One of the messages I hope I could get across is that we as Asian Americans in our generation, we should cut our parents some slack when they rail against mental health.
Below is an abridged audio transcript of Episode 29, the eighth episode for Season 3 of Rock The Boat: Against All Odds, edited for clarity.
In this episode, we speak to David Mou, an Asian American psychiatrist who earned his MD from Harvard Medical School and MBA Harvard Business school.
Social stigma, shame, and other cultural factors often prevent Asian Americans and other minorities from seeking help for mental health issues. If you’ve been debating whether or not to seek out a therapist, or are generally in the process of making a decision your parents might disapprove of, you might like our conversation with David.
In this episode:
Dealing with parents who disapproved of choosing psychiatry as a specialization
Advice on how to deal with altercations in our professional and personal relationships
Tips on how to deal with anxiety
I. How David Got Into Psychiatry
David: My name is David Mo. I'm a psychiatrist by training. I'm a co founder and medical director for Valera Health, which is a digital Health company based out of Brooklyn. I spend most of my time in Boston and on the side I run a private practice called measured Wellness that's based out of Austin
Lucia: David conducts research on how technology can help better predict and prevent suicidal behaviors. His company Valera Health is a behavioral health care management startup that developed an app to help clinicians remotely monitor patients with anxiety and depression.
Lucia: David has been named 'Top 10 under 35 for Healthcare' by LinkedIn, as well as '40 under 40' for healthcare innovation by MedTech Boston.
Lucia: David is originally from Cincinnati Ohio. He was a normal kid who liked to play sports and sometimes get into fights. In Cincinnati, David had two defining features: he was asian, and he was a twin. David and his brother Danny are very similar despite the fact they like to think they’re not. They both score in the top 1% for extroversion. They’re both loud, both love being around people, and they’re both doctors.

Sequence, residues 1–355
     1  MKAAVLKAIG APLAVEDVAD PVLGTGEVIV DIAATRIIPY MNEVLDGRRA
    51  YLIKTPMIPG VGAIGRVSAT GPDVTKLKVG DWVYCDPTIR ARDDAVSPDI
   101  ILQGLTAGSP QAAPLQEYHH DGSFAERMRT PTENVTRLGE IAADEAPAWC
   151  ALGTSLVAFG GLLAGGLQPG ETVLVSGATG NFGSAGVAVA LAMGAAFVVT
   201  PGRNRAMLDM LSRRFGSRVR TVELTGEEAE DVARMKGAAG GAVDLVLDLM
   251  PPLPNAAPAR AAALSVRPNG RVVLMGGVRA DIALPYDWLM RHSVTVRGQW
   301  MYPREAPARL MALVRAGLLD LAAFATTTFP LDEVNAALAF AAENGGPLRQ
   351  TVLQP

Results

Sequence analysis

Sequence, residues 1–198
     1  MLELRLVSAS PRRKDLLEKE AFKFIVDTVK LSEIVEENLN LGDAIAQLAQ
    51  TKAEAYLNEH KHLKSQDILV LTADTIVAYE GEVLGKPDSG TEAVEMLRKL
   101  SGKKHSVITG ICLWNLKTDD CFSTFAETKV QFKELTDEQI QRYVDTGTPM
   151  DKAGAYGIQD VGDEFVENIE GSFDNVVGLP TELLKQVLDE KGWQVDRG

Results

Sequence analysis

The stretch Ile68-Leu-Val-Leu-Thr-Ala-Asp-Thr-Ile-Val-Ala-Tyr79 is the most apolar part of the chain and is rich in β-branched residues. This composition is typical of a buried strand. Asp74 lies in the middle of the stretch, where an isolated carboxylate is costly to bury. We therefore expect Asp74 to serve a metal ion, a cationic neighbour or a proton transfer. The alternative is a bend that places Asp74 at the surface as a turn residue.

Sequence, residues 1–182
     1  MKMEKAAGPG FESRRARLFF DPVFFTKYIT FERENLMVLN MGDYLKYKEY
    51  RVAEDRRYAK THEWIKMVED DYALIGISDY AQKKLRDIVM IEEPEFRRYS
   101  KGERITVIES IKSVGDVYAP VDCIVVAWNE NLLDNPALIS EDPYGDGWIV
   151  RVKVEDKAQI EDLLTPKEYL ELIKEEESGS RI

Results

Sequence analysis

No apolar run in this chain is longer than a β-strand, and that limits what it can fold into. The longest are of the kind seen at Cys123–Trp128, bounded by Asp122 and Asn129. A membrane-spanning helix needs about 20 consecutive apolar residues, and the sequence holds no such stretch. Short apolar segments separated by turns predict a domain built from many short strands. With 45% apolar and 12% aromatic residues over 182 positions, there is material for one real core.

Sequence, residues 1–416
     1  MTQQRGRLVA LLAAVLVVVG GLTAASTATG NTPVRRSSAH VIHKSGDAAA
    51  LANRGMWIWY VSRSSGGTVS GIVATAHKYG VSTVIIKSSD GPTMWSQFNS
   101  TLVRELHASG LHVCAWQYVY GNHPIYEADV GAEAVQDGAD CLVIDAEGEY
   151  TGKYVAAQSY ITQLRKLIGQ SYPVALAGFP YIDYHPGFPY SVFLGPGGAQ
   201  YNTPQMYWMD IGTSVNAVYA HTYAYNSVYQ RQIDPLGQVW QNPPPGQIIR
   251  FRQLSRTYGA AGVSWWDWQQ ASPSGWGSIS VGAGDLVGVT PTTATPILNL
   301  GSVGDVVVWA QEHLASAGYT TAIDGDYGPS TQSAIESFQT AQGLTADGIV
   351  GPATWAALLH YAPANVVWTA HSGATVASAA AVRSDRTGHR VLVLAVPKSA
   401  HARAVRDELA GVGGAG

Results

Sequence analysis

David: It was always interesting to have a copy of you walking around with you at all times.
Lucia: David went to Harvard, majoring in biology. After college he spent a year in Paris doing neuroscience research, where he discovered his extroversion wasn’t fitting for the lab environment. He decided to go to medical school, where he found his interest working with mental health patients. He loved learning about people’s stories.
David: It was because there's no other specialty where you could sit with the patient for 60 minutes, for an hour and a half and just hear their life story. I remember when I was on the medicine service for the surgical service. I would be very interested in hearing. Well, why are they here? Where do they come from? What's their story what's causing them to? But now but you don't have time to talk about that. It was really that I meandered into something that I really love more so than anything else.